David and Margaret have recently been awarded an RYA Lifetime achievement award (see this post for why). David has written these recollections of the last few years, along with a few photos.
It makes you feel very old to get a “lifetime achievement” award, but we are very honoured to receive it. We would like to thank Tricia, the others who supported the application and all those who congratulated us. Like all awards of this sort there are many others who have contributed along the way and it is the members of those teams and committees – general/management, sailing, house, galley, social, etc – and the friendships they created that make the Club successful.
There were a few challenges along the way. In the early 90s we were without water for much of three seasons, whilst British Waterways were trying (unsuccessfully, twice) to repair the dam. We became an itinerant Club – travelling to Bala, Pilkington, North Staffs and several other sailing clubs – and, to keep the Club together, we did other things like cycling along the Manifold Valley. We survived only to find ourselves in the middle of a rent review battle with British Waterways. This was only resolved when our rent was decided by a legally binding arbitration process. The arbitrator was convinced by the case put together by Don Muir, the then Commodore, and the rent increased only a little. We put a lot of late nights into preparing that case, but these challenges helped to strengthen the Club.
When Geoff Holmes proposed that I became President, he said it’s not a very big job, you just need to chair a few meetings. But, Alex Stevenson had just put in the lottery bid to develop youth and adult sailing and redevelop the Clubhouse and site to become the magnificent facility it is today.
When our application was conditionally approved there was a mad dash to raise £100,000 in other sponsorship, with Alex and many others using their business contacts to get sponsorship as cash, in kind and loans from members.
On final approval by Sport England, we went out to tender for the building project only to find that the only valid bid was £150,000 more than we had been awarded!
So, we decided to manage the project ourselves, led by Stuart Walker. Stuart successfully prepared a supplementary grant application to extract the extra money from Sport England.
During the development there were many problems – some technical, many financial and a few people related. These were managed skilfully by Stuart and our treasurer, Martin Lilley. There were some worrying times such as when Susan had to hide from the postman with the recorded delivery final demand because we didn’t have enough cash to pay the bills.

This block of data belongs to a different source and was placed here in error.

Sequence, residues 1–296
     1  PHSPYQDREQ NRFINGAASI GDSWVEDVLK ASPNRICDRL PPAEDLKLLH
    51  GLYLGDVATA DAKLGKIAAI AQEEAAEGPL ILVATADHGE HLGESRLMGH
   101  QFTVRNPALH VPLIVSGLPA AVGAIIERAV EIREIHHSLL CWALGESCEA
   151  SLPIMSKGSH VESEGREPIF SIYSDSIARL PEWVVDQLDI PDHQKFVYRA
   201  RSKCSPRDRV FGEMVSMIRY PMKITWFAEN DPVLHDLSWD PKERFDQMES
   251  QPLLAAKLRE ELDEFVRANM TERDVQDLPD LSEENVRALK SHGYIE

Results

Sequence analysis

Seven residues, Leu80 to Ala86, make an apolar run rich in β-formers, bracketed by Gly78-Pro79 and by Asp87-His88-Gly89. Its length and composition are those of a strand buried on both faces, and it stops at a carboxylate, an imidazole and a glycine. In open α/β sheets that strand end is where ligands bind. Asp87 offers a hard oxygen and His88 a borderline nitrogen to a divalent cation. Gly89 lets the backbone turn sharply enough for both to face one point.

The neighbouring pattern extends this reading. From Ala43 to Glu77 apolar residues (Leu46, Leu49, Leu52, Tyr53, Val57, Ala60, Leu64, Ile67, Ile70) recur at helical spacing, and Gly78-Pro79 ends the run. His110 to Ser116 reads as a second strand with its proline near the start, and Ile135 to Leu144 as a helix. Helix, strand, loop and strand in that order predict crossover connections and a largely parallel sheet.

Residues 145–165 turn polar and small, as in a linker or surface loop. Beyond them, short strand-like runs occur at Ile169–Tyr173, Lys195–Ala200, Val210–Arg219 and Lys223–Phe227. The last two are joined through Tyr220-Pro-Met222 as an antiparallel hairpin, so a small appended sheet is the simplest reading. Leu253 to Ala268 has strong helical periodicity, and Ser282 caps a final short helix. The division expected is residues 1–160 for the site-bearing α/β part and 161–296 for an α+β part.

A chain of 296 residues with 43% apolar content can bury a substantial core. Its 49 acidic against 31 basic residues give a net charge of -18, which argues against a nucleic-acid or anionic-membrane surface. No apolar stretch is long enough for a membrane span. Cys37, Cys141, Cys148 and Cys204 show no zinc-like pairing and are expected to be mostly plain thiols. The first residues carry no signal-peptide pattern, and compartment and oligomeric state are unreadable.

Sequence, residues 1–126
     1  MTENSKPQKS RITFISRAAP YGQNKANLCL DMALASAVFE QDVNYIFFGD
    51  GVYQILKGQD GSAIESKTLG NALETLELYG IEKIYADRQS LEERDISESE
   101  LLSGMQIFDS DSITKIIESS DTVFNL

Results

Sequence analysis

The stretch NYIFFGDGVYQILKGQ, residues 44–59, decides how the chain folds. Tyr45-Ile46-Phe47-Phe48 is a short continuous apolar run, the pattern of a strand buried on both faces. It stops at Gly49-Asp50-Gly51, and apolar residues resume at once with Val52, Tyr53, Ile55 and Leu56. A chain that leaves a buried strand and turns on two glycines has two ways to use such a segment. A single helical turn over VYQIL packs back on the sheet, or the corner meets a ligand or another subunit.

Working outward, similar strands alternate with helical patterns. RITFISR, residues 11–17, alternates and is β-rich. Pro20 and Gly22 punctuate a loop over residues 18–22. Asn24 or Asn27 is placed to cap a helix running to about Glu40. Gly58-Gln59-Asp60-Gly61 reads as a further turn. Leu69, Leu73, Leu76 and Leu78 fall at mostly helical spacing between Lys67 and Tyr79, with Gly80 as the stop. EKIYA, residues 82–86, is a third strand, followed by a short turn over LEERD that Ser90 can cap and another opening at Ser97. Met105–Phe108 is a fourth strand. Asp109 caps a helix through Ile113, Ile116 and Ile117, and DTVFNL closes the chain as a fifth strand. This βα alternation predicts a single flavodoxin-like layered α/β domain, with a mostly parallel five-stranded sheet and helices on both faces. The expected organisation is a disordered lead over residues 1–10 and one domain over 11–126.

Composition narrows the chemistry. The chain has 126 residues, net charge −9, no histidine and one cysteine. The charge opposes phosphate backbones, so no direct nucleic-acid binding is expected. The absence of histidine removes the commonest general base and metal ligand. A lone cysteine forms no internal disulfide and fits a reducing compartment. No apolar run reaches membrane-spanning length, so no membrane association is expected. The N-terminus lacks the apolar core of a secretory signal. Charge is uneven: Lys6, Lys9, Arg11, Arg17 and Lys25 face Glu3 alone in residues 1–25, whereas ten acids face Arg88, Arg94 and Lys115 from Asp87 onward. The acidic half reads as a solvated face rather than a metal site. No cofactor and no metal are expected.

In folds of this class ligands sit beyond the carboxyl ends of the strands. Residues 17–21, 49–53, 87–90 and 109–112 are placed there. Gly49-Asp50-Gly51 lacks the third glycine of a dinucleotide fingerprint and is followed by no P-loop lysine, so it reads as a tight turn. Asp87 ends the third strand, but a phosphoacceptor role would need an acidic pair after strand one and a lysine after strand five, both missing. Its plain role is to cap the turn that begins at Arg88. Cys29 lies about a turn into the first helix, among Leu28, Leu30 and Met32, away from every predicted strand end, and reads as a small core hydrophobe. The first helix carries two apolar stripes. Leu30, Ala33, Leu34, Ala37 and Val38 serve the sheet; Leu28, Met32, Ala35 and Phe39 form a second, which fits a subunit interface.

But throughout this we sailed and raced – based in our portacabins, with showers that didn’t work in the men’s, generating the odd grumble – and held socials more or less as usual but in local pubs and clubs. Many members contributed during the work – some financially but mainly through applying their skills and knowledge later in the project after the contractors had left the site. It was a fantastic team effort.
The formal opening of the new Clubhouse by HRH the Princess Royal, organised by the Commodore Catherine Sherwen, was a wonderful milestone which marked the “end” of the construction project, but not of sailing development or our financial problems. We had this wonderful building which was used 2 or 3 days a week at most.
We had endless “marketing” meetings on how to increase use of the Clubhouse and generate some income; one of the main conclusions was that holding wedding receptions would be too risky if things went wrong! After a few successful wedding receptions, Margaret started to use a wedding website to advertise, but most of the bookings came through “word-of-mouth”.
This reflects the excellent support we have had, and still have, from the bar chairmen over the years so that now the wedding/bar income stream has transformed our financial situation and allows us to develop both sailing and the facility.
Sailing development is obviously an ongoing project, with Trish, Chris Smith and Beric leading the rapid growth of junior sailing helped by our daughter, Susan, and it is slowly feeding through to Sunday racing with more juniors participating than I have seen for many years. Adult training, led by Larry, has grown and become more effective in retaining trainees as sailing and racing members.
Our family has gained a lot through membership of the Club; from the time we joined in 1985 as novices, introducing our daughters to sailing, through to seeing our grandchildren out on the water at Rudyard or In the Mediterranean and the friendships built over the years. So, we are very honoured to receive this award, but our achievement would not have been possible without the contributions of many, many other members. Thanks to all of you.
Margaret and Dave